Eating the Weeds - a Dandelion Fritter Recipe
(scroll down for recipe)
A few years ago, I took an worldview-expanding online class called Intuitive Plant Medicine. At the beginning of the eight week course, the instructor gave us homework to pick a “plant ally” - one plant that we would spend time with, get to know more deeply, intimately. I started out making friends with the dandelion.
I’m not sure why I am drawn to the dandelion - something about the bright yellow petals makes me happy, puppy dog kind of happy, surprise kind of happy. And with their deep taproot, they show up when soil is compacted and just when it needs some aeration. They remind me of one of my favorite children’s books, The Little Engine that Could. They are totally underestimated. “A weed!? I’ll show them…”
The whole plant of the dandelion - root, leaves, and flower - is edible and medicinal for humans. The root of the plant makes great tea. As long as you’re digging it from soil that hasn’t had any pesticides or fertilizers applied in the last three years, it’s safe to dig it up. The fall is the best time to harvest the roots. That’s when all the energy has moved back down after the spring frenzy of feeding the flowers and summer endurance of the leaves doing their photosynthesizing thing. Cleaned, dried, chopped, roasted… I enjoy it most mornings. Those that know, tell us it provides great support to detoxify the liver.
Then there’s the photosynthesis part. The leaves (greens) are full of vitamin A, folate, vitamin K, and vitamin C (in its raw form), and a source of calcium and potassium. Lots of people put them in a salad but I actually prefer to stir fry with onions and mushrooms. I do sometimes add them to my green smoothie. Best time to harvest leaves is early spring before the flower fully blooms. Later, they get bitter and woody.
Then there is the magnificent flower. Their cheerful energy dots the landscape of temperate regions all over the world. They contain high levels of polyphenols, antioxidant properties, anti-inflammatory properties, and may act as chemopreventive agents (look it up). When I see them popping up I get so excited... to make fritters. People used to look at me funny, but now that we are all sheltering at home, eating from the backyard doesn’t seem so weird after all.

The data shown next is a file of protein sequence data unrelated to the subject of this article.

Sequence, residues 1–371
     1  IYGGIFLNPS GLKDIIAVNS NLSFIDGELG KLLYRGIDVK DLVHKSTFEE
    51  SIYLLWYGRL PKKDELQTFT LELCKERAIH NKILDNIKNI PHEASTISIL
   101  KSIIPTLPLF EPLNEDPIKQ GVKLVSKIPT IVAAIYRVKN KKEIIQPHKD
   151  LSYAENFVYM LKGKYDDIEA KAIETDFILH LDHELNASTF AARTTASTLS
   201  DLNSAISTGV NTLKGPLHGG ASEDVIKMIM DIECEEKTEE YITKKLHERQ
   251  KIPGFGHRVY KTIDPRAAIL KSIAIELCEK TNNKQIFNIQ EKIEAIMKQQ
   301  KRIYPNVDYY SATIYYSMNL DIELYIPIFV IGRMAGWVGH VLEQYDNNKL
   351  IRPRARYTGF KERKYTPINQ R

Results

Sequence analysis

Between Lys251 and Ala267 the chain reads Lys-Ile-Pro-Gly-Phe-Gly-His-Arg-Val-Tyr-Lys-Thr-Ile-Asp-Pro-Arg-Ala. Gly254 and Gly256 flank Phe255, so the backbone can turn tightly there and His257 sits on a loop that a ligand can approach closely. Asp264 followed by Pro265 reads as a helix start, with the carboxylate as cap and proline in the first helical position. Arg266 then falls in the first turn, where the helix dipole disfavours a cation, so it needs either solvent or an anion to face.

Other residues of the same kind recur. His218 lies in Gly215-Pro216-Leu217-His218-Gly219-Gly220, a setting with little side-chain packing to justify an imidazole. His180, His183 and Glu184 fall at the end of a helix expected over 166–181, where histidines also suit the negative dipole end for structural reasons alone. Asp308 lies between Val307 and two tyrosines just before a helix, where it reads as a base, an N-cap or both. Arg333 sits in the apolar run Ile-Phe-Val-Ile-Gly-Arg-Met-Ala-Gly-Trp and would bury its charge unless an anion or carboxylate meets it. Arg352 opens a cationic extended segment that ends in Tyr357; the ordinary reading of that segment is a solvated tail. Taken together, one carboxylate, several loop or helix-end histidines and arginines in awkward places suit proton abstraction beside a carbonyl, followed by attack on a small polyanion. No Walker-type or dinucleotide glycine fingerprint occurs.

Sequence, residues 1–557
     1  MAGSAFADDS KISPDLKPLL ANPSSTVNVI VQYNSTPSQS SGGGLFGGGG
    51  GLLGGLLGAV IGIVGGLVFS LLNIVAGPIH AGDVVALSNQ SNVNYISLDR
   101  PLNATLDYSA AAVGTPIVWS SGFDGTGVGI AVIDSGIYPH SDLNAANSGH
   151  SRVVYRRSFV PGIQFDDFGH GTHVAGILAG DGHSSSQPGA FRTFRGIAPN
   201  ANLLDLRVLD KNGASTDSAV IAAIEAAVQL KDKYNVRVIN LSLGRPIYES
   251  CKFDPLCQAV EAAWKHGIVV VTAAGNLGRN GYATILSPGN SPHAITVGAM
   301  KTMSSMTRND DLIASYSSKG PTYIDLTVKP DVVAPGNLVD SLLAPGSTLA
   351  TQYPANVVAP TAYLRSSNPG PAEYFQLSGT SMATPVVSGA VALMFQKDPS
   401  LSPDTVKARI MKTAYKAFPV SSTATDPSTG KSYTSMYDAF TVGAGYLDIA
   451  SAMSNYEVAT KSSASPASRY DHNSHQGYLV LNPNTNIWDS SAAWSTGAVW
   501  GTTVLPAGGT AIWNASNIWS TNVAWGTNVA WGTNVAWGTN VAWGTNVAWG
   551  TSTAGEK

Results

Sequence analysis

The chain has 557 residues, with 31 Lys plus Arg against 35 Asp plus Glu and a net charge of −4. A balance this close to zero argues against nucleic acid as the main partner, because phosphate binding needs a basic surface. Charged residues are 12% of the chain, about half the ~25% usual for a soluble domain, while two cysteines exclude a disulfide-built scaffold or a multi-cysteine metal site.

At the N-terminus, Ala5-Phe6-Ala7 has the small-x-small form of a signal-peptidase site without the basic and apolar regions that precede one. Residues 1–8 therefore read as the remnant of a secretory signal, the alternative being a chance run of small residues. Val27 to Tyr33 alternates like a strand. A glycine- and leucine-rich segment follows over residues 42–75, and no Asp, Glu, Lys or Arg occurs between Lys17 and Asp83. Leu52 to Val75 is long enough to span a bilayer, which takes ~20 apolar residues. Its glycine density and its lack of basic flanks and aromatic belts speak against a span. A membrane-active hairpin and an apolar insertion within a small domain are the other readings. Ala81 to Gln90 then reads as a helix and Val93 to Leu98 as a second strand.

I make dandelion fritters both savory and sweet. Here is an incredibly simple and quick recipe. I still remember the first time I made them. David was a teenager. Halfway through the bowl - which he devoured - he exclaimed “I can't believe I am eating dandelions!”
Directions for Dandelion Fritters
(Identical instructions for sweet or savory. Only the selection of spices changes)
[Savory - think falafel. Use salt, pepper and cumin or za’atar, fried in olive oil, drizzled with tahini. For more of a meal, hummus on the side.]
[Sweet - think french toast. Use salt, vanilla, and any combination of cinnamon, cardamom and nutmeg, (a little pepper too, if that sounds good to you), fried in coconut oil if you like that, or something neutral if you don’t. Drizzle with maple syrup or honey, and top with a dollop of whipped cream, sour cream, or creme fraise.]
Enjoy and don’t forget to say “Thank You!” to the dandelions!
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About the Author
Sarah Gabriel’s work/play/art/life has been an exploration of the “next adjacent” possibility in human health and regenerativity. Her current focus is on relating more actively with the other-than-human world.